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Title: Inter kindgom competition for rare and ephemeral resources
Author: Arce, Andres
Awarding Body: University of Manchester
Current Institution: University of Manchester
Date of Award: 2013
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All animals interact in some way with microbes during their growth and development. These interactions often prove harmful as animals find themselves exposed to pathogens or the harmful by-products of microbial growth. For many animals avoidance of microbes is difficult or impossible, particularly for species that obligately utilise microbe-laden resources during reproduction. Larvae of the carrion beetle Nicrophorus vespilloides are significantly harmed by the bacteria they encounter during their development on decomposing vertebrate carcasses. However, these effects can be partially ameliorated by parental investment into behaviours which reduce the effects of microbial exposure. In this thesis I focus on two aspects of N. vespilloides response to microbial competition. First I investigate the composition and fitness effects of the application of exogenous secretions by parents and larvae to their breeding resource. This behaviour in parents has long been hypothesized to form an important part of the antimicrobial component of parental care, but this has not been rigorously tested. Nor, prior to my work, has any experimental attention been given to the possibility that larvae also contribute to antimicrobial production while on the carcass. Second I investigate the late-life and intergeneration effects of microbial exposure during development on a range of beetle life history traits including larval body size, brood size and immune function and survival in response to bacterial challenge. My results demonstrate the following: i) that larval N. vespilloides suffer significant harm from microbial competition during development that manifests itself in several ways, e.g. reduced body size, increased susceptibility to infection, or reduced ability of mothers to provide post hatch maternal care; ii) that the effects of microbial competition can be mitigated by parental behaviours that reduce the level of microbial contamination on a resource. Specifically, mothers apply antimicrobial secretions containing lysozyme to the carcass which kills bacteria and significantly increases larval survival; iii) that larvae are not totally reliant on their parents for antimicrobial protection because they too can secrete exogenous antimicrobial compounds similar in activity to their parents and which significantly increase larval fitness; iv) the effects of microbial competition can result in transgenerational effects that reduce offspring fitness but which can also provide context-dependent benefits by increasing larval survival when post-hatch parental care is poor and following challenge with pathogenic infection. By developing on and consuming carrion Nicrophorus larvae and other specialist scavengers experience an extreme example of the challenges faced by opportunistic carrion users or animals that for any reason utilise microbially contaminated resources. This makes them ideal model organisms to study adaptations to the presence of complex microbial communities that may contain both pathogens and toxin producers.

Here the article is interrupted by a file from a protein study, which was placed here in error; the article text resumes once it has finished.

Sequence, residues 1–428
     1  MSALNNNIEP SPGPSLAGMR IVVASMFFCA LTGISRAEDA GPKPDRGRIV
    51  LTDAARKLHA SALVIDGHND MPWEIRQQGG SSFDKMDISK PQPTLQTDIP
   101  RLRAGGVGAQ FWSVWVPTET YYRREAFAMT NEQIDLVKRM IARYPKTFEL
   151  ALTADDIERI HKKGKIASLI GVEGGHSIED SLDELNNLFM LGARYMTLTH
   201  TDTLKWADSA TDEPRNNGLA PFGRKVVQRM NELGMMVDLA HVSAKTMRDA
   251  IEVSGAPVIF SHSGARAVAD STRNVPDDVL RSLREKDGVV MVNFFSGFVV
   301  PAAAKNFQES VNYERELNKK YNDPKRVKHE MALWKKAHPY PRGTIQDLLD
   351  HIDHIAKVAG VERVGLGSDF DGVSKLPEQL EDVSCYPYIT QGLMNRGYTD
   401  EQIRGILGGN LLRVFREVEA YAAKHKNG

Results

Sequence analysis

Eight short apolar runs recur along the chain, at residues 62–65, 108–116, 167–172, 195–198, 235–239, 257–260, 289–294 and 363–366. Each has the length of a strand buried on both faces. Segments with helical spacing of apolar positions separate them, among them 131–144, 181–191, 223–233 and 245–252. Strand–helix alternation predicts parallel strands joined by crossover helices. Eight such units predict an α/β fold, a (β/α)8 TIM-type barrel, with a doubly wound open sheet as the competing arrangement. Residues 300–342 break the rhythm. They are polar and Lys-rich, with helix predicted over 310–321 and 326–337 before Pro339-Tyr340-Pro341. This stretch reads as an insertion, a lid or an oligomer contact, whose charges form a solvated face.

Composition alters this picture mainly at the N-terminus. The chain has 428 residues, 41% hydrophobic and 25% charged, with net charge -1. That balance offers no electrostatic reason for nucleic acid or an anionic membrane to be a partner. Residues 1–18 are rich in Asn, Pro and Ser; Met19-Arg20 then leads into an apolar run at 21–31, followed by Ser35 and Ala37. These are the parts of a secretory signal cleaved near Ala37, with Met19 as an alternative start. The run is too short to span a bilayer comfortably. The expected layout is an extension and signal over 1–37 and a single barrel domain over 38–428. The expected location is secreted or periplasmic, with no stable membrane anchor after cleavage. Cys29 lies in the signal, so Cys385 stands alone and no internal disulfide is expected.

Supervisor: Preziosi, Richard; Rozen, Daniel Sponsor: Not available
Qualification Name: Thesis (Ph.D.) Qualification Level: Doctoral
EThOS ID:  DOI: Not available
Keywords: Nicrophorus ; Parental care ; Antibacterial secretions ; Maternal effects ; Immunology